For version 5 of the Hypertext Markup Language (HTML) the World Wide Web Consortium (W3C) is specifying tools to make web pages and embedded JavaScript applications available offline. The approach taken by the W3C is very similar to Google Gears and also features offline caching of web pages and a data repository for JavaScript applications to store data locally. There are two ways of storing data locally. For simple data structures, data can be stored in name/value pairs. For more complex data, JavaScript applications can use a SQL database with standardized functions to query, insert, change and delete data. The advantage over Google Gears is that once the standardization of HTML-5 is finalized, browsers can natively support offline web applications and a plugin like for Google Gears is no longer required.

That’s it for a first overview. In a future post I’ll take a look at data synchronization between the network database and the local cache, why and how some applications should be able to access local data beyond the cache and the security and privacy implications of local web applications.

As always, comments are welcome.

Bit Pipe or Profiting from the Long Tail?

Mobile network operators are always pointing to the fact that they don’t want to be mere bitpipes but would rather prefer to remain a network + service provider as they are with voice telephony today. Most have recognized some time ago that this is a rather unrealistic goal and are opening their walled gardens. But maybe this bitpipe disgust could be remedied with a different perspective on things!?

Apart from the few killer apps born out of web 2.0 (Google search, maps, Flickr, Amazon, eBay, Facebook, …) most people today use quite a number of services in the Long Tail of the web. In case you are not familiar with Long Tail economics, take a look the original article by Chris Anderson published on Wired magazine which focused on goods on the long tail but is in my opinion applicable to services as well. It is these startup or niche segment services that might give the final incentive for users to consider going online from their mobile. The "problem" for network operators is that they can’t be the provider of the killer apps, since they are already out there and they also can’t be the provider of those niche apps, since there is not a lot of money to be made in the long tail as this article by Alex Isold on ReadWriteWeb aptly points out.

What Alex also points out, however, that while you can not make a lot of money in the Long Tail but you can actually make a lot of money WITH the Long Tail as aptly demonstrated by Amazon or eBay. So now look at mobile operators: Selling bandwidth is nothing but making money with the Long Tail of the web. Sounds a lot better than ‘bitpipe’, no?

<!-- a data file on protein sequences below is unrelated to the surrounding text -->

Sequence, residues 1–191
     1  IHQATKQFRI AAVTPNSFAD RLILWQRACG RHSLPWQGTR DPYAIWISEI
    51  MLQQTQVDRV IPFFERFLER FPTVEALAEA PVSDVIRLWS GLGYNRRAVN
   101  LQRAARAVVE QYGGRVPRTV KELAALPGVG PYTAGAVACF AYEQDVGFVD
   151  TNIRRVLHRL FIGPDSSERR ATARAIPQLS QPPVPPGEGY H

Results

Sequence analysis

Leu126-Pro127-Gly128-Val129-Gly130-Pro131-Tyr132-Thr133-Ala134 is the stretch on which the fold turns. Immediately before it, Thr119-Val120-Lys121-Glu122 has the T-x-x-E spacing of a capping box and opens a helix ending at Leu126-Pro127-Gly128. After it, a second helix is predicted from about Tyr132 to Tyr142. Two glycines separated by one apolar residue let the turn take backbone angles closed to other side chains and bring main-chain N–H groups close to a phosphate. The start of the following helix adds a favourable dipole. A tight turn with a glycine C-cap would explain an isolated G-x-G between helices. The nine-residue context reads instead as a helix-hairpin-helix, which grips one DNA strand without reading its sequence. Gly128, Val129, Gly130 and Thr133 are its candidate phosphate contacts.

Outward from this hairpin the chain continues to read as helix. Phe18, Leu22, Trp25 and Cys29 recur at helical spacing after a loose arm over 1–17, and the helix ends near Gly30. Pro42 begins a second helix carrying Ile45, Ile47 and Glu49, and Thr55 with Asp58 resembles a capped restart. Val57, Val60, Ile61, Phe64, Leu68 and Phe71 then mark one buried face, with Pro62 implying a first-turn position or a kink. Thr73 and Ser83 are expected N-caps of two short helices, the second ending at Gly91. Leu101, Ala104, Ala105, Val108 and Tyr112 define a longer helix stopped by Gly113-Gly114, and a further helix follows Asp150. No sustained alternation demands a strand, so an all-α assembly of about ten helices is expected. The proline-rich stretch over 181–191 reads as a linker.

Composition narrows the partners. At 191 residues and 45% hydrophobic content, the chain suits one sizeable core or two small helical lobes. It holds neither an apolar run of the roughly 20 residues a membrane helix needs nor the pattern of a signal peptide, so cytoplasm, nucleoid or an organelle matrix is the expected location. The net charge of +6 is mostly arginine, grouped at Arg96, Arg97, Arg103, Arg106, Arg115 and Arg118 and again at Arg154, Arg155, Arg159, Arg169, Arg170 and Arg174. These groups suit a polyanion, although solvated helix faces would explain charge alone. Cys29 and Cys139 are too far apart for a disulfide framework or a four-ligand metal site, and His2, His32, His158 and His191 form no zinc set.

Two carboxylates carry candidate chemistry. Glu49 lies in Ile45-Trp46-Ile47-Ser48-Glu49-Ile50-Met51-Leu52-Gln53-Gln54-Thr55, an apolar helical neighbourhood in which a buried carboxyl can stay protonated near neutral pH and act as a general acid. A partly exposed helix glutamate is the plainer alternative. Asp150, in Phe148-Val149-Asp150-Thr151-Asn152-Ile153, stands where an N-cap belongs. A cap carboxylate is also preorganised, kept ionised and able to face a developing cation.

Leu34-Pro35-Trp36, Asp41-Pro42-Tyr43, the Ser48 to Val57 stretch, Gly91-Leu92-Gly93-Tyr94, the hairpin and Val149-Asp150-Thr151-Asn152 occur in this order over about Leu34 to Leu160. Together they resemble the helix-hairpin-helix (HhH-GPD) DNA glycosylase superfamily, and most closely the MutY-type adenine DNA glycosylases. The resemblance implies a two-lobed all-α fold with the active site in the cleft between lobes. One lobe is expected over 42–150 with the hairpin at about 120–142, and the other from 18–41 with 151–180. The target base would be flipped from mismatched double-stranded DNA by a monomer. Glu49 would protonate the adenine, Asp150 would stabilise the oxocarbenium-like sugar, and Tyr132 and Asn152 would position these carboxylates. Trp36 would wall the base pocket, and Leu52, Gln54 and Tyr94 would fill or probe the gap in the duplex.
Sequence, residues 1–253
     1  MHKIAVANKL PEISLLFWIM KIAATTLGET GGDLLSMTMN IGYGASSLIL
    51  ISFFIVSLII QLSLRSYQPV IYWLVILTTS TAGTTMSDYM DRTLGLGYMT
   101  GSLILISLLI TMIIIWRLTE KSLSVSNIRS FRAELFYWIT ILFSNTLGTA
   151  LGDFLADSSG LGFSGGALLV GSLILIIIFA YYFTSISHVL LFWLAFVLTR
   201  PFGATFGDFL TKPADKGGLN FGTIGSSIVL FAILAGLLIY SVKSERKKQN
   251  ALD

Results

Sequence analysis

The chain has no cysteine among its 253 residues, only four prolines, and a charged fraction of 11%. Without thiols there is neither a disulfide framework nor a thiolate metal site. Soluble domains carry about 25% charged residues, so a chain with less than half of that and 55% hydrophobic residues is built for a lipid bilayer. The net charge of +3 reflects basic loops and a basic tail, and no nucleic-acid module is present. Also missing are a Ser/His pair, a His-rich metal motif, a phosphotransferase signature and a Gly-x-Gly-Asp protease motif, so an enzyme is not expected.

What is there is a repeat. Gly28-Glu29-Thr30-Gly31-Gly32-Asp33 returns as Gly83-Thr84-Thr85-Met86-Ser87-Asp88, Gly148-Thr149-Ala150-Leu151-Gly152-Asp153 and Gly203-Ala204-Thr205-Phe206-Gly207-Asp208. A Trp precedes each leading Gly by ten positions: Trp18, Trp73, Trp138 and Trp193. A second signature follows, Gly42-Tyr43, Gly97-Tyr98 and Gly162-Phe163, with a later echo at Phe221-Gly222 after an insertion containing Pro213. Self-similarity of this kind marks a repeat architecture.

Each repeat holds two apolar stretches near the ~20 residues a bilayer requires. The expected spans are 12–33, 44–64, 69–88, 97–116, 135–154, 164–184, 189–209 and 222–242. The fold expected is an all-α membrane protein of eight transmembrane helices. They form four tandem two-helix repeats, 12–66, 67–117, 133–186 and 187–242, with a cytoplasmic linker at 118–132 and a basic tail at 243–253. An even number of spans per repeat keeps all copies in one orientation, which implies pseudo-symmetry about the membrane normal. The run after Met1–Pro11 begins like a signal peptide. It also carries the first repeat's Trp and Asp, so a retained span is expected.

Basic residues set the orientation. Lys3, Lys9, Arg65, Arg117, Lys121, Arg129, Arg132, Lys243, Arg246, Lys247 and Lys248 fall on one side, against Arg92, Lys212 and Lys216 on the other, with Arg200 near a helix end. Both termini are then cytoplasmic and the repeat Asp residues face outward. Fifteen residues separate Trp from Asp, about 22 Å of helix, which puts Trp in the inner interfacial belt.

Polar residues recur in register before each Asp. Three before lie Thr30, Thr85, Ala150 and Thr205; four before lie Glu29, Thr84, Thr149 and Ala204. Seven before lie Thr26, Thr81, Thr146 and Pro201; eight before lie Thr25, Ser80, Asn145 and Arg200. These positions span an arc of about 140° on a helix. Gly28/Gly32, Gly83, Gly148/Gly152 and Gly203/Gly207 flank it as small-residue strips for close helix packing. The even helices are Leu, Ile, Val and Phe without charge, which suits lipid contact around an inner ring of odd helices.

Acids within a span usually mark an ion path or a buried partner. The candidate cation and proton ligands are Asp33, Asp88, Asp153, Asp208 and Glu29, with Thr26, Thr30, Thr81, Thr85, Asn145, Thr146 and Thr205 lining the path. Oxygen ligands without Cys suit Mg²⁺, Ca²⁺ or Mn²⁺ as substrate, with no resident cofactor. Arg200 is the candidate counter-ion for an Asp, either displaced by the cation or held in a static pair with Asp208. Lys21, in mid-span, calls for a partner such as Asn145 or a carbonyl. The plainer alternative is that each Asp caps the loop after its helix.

Comments as always welcome!

Why The Mobile Web Had Such A Terrible Start

I’ve been thinking a bit about the recent history of mobile Internet access lately because I was wondering why it had such a teribble start. In the mobile world, the web had a much more difficult start compared to the fixed line world for a number of reasons. First attempts by mobile phone manufacturers to mobilize the web were a big disappointment for quite a number of reasons. In the fixed line world the web got an incubation time of at least a decade to grow, to be refined and to be fostered by researchers and students at universities before being used by the public who already had sufficiently capable notebooks, PCs and a reasonably priced connection to the Internet. In the mobile world, things were a lot different when first web browsers appeared on mobile phones around the year 2001:

  • Mobile Internet access was intended straight for the public instead of first attracting researchers and students to use and refine the services. Unlike at universities where the web was free for users, companies wanted to monetize the service from day one.
  • Few if any appealing content for the targeted audience was available in an adapted version for mobile phones.
  • Mobile access to the Internet was very expensive so only few were willing to use it.
  • Circuit switched bearers were used at the beginning which were slow and not suitable for packet switched traffic.
  • The mobile phone hardware was not yet powerful enough for mobile web browsers. Display sizes were small, screen resolutions not suited for graphics, no color, not enough processing power and not enough memory for rendering pages.
  • Use of a dedicated protocol stack (the Wireless Application Protocol, WAP) instead of HTML required special tools for web page creation and at the same time limited the possibilities to design mobile and user friendly web pages.

Each of the points mentioned above would have been enough on its own to stop the mobile web in its tracks. Consequently many roadblocks needed to be overcome before the Internet on mobile devices started to become interesting to a wider audience. This fortunately coincided with the emergence of the web 2.0 and its evolution into the mobile domain. But that’s another story.

As always, comments are welcome!